Noun level, where I focus on agreements based in what is already finished. At the noun level, grit (nGrit) is about my own node, the immediate space around my own self. I have an executable goal that I can achieve with my existing capacities. I have enough grit to read a book today, or climb that mountain this week.

Verb-noun level, where I pay attention to agreements based on what I am developing in relationships and capacities (verbs), as well as the outcomes (nouns). At the verb-noun level, grit (vnGrit) is about my own node and its links to other nodes. I have an intermediate-level, developmental goal, that I achieve as I grow. I have enough grit to strengthen my capacity to read more and more deeply, or climb that mountain, coming out stronger than I started.

Light-verb-noun level, where I focus on agreements based in my beingness, my potential, what I am becoming as I develop relationships and capacities, and the outcomes of that tangibilizing process. At the light-verb-noun level, grit (lvnGrit) is about my node, links to other nodes, and the centers of the circles of linked nodes. I have what Duckworth refers to as a top-level goal, often a deeper shared purpose to which I have the grit to contribute, that is in my potential to grow into being able to achieve. I can see that I will be able to read ever-more challenging books, and even begin to write books. I can see that I could climb ever-more challenging mountains, and maybe in different ways.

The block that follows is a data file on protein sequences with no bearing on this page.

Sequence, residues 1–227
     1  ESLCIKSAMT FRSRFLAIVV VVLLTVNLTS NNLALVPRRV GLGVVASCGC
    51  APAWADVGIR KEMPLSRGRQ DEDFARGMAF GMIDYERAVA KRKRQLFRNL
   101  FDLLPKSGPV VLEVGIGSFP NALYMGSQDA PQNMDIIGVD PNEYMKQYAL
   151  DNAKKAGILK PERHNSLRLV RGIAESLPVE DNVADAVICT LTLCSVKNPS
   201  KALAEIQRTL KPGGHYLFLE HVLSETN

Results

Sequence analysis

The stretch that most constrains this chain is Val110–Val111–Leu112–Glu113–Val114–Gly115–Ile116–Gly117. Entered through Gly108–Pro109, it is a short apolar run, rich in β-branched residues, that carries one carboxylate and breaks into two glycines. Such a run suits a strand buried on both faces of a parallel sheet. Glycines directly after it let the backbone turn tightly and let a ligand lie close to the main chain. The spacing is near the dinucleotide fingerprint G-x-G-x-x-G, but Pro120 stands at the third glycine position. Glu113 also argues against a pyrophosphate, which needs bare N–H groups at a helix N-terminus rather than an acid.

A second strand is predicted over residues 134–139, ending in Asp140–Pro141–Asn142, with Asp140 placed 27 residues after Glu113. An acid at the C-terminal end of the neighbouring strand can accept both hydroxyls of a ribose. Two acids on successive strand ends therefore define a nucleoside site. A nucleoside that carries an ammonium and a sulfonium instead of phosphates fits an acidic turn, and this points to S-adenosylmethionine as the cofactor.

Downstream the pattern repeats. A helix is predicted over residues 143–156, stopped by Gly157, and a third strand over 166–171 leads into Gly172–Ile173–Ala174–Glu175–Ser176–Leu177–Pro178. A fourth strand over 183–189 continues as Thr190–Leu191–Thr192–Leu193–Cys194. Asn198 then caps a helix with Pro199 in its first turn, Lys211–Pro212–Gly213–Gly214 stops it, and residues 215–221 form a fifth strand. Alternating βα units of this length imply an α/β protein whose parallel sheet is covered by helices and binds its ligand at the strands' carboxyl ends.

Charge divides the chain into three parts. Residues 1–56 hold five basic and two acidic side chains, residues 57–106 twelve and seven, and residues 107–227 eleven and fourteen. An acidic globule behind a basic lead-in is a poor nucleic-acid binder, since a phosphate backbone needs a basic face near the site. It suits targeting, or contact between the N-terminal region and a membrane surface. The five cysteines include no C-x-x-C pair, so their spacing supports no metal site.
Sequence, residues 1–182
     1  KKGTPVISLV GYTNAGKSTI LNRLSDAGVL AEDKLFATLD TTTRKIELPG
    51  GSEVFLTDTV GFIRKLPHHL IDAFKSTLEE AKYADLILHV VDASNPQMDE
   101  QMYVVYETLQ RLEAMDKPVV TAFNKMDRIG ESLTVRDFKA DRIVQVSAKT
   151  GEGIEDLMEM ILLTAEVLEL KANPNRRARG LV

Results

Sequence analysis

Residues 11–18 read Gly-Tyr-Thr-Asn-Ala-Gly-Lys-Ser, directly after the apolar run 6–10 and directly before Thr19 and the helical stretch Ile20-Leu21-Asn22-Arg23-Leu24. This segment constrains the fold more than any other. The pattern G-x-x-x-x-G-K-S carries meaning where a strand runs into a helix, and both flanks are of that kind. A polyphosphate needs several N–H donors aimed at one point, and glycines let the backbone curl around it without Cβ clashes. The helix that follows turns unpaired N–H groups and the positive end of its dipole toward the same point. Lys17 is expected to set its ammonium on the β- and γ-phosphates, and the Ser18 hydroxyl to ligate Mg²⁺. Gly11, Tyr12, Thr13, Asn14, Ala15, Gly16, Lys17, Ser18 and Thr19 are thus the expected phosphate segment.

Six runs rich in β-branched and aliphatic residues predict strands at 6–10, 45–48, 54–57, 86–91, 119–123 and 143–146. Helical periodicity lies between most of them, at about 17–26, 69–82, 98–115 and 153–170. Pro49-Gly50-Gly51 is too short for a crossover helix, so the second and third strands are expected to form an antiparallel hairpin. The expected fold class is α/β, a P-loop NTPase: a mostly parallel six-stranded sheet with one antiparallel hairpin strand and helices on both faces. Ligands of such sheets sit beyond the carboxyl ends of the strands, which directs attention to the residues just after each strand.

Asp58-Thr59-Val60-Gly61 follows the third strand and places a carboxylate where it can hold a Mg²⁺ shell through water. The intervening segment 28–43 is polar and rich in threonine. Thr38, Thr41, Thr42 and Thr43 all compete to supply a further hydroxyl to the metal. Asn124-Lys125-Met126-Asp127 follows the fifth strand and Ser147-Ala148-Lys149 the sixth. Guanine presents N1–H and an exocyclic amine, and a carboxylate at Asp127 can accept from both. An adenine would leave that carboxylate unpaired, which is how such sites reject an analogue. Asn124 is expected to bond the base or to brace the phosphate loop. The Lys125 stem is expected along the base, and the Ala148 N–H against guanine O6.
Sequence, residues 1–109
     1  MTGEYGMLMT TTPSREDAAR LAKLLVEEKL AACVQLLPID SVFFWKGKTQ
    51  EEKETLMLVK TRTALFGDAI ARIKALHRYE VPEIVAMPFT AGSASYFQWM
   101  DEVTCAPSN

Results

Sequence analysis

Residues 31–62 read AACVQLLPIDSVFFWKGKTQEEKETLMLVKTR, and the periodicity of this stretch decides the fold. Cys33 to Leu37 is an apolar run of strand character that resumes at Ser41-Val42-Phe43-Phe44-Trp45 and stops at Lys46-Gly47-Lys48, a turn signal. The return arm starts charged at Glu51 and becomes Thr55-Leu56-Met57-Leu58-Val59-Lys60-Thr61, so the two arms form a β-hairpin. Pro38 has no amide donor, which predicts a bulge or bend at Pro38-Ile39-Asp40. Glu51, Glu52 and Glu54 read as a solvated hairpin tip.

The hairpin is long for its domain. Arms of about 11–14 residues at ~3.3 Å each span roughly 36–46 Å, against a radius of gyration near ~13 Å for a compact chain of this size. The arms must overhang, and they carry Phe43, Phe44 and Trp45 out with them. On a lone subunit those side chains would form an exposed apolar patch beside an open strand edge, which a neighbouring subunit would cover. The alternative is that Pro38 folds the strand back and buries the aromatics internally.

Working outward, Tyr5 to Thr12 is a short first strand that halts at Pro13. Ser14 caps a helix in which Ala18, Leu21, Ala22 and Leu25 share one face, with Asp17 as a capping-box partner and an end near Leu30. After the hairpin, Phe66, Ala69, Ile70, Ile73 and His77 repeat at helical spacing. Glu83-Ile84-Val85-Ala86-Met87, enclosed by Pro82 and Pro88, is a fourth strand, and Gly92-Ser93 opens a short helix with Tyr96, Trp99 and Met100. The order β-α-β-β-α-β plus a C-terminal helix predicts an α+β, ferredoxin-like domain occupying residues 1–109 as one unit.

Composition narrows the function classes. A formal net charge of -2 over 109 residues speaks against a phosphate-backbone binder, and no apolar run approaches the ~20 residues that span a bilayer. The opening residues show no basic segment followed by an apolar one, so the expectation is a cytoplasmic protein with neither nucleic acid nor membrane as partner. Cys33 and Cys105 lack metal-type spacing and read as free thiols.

Ecosystems-of-sacred-hospitality level, where I focus on agreements based in the deeper purpose I feel called to serve. At the ecosystems-of-sacred-hospitality level, grit (eshGrit) is about the liminal space generated by the double pull of transcendence away from herenow and immanence completely in herenow. In my grit, I have an existential-master goal, which defines and guides every aspect of who I am and what I do. I am in service to reading or climbing, continuously in the process of cotangibilizing my service to that purpose, evolving what I understand is in my potential to realize along the way.

Grit. Perseverance and passion. What that means to me depends on what I see as my reality. Nouns only. Nouns and verbs. Nouns, verbs, and light. Ecosystems of sacred hospitality. Each level of reality engages orders of magnitude more grit, all which is inside of me to choose.